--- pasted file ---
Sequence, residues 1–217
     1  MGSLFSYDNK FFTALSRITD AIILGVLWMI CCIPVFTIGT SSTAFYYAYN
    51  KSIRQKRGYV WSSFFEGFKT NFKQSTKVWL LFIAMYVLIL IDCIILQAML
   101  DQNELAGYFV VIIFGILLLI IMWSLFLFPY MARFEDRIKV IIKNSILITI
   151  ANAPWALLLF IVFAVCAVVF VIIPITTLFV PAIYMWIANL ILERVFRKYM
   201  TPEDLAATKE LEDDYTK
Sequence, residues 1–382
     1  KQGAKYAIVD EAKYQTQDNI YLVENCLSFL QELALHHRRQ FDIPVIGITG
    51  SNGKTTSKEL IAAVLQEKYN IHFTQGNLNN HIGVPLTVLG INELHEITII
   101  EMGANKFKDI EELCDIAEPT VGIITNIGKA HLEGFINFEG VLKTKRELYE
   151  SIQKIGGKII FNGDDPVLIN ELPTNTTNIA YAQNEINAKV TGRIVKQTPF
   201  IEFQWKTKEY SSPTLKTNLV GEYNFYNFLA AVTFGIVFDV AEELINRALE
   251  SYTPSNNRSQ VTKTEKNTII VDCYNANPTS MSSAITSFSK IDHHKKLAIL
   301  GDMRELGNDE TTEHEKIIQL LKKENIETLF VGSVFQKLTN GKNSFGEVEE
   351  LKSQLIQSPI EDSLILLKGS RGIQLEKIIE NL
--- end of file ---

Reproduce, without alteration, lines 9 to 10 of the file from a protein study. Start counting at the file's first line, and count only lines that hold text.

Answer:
    51  SNGKTTSKEL IAAVLQEKYN IHFTQGNLNN HIGVPLTVLG INELHEITII
   101  EMGANKFKDI EELCDIAEPT VGIITNIGKA HLEGFINFEG VLKTKRELYE